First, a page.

Lawrence University welcomes 73 Native American high school students to campus June 26-30 for a five-day, pre-college workshop coordinated by College Horizons, a New Mexico-based non-profit organization.

Lawrence is one of three host institutions in the country for the 2010 workshop. The University of Hawaii hosted a similar program last week while the University of Puget Sound will conduct a similar program at the same time as Lawrence.

College-Horizons_webNative American students from as far away as Plantation, Fla., and Battle Ground, Wash., representing 24 states and 38 tribes, will participate in an “academic crash course” designed to assist them in the college search process.

As part of the 13th annual program, a bevy of college and high school counselors, admission officers, essay specialists and other educators will be on hand to work individually with students and lead small group sessions on topics ranging from “Overview of the ACT/SAT,” “Financial Aid & Scholarships: How Can I Afford College?” and “Native Students and College.”

The goal of the workshop is to assist Native American students in developing a list of appropriate colleges to consider, prepare a winning application, write a memorable essay, maximize their ACT or SAT scores and navigate the financial aid/scholarship maze. At the end of the program, students leave with a completed college application and a list of colleges with which they are likely to be good matches.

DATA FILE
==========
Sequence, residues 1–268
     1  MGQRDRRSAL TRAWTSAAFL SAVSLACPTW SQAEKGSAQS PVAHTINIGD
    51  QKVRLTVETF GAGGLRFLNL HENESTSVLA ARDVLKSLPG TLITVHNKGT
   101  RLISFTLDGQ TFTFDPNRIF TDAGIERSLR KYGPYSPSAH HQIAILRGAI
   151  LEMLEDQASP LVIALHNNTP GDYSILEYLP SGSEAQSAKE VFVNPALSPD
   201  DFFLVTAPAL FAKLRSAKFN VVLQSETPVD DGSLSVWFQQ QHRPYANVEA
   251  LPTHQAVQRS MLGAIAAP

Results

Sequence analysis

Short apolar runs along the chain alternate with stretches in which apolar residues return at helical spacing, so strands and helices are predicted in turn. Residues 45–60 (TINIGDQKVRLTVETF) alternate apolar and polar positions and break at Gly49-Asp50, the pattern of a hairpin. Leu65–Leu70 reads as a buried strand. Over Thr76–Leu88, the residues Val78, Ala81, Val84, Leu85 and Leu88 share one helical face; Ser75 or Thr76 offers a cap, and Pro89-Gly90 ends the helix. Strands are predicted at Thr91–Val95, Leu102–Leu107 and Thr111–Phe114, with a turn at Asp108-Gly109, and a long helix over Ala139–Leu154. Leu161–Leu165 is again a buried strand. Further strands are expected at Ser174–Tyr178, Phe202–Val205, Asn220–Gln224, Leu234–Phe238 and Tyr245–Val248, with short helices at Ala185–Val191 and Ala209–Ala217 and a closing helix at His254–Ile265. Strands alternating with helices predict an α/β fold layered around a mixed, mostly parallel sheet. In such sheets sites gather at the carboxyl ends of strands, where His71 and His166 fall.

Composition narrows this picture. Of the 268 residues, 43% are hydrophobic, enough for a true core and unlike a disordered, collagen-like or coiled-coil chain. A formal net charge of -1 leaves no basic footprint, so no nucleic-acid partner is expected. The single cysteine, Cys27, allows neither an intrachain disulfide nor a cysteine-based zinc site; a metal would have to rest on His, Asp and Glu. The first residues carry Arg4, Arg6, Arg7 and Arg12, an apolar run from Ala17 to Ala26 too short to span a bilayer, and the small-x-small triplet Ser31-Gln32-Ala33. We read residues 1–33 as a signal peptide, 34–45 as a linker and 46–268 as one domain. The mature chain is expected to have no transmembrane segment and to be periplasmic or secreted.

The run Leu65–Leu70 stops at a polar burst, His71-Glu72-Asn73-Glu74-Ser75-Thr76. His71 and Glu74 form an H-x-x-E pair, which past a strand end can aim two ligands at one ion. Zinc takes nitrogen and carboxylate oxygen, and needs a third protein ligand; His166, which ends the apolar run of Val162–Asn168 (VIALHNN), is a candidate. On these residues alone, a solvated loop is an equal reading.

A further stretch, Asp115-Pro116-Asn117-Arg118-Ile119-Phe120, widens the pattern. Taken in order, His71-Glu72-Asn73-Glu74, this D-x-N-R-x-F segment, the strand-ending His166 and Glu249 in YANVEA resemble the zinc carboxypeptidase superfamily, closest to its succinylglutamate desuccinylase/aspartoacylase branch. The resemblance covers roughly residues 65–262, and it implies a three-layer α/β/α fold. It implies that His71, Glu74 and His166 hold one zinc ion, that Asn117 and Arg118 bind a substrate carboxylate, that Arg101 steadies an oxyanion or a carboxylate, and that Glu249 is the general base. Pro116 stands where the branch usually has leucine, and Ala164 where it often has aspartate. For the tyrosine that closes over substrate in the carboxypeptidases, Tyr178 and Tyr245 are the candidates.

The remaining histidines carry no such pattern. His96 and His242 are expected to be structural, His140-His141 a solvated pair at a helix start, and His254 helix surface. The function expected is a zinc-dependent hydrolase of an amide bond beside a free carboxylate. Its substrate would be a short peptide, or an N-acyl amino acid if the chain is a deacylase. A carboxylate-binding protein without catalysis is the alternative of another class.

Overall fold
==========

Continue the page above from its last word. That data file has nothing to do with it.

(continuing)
This is the second time in three years the program has been hosted by Lawrence.

“I think College Horizons accepted our bid to host again this soon because they had such a great experience two years ago when they were here and they wanted to come back now that the Warch Campus Center is more than a construction site,” said Steve Syverson, vice president for enrollment and dean of admissions and financial aid. “This program gives Lawrence some great exposure to Native American students and we’re delighted that this year we will have three College Horizons graduates in our student body.”

In addition to admissions personnel from Lawrence, representatives from more than 30 colleges and universities, including Brown, Harvard Princeton, Stanford and Yale will be available to assist the students. Following Native American tradition, an Elder from the Menominee Nation in Wisconsin will be present through the duration of the workshop. Several prominent educators from the College of Menominee Nation will be participating as well.

Since its inception, more than 1,550 students have attended College Horizons and the results have been nothing short of spectacular. Ninety-nine percent of the participants of the program have gone on to post-secondary education, including 95 percent of them to four-year colleges, with 85 percent earning their bachelors degree within five years of starting college.

Syverson noted Lawrence’s participation in the College Horizons program harkens back to the college’s founding.

“In establishing Lawrence University in 1847, Amos Lawrence stated that he wanted to provide ‘gratuitous advantage to the Indians and Germans of both sexes,’ so our involvement with College Horizons affirms part of our original mission,” said Syverson.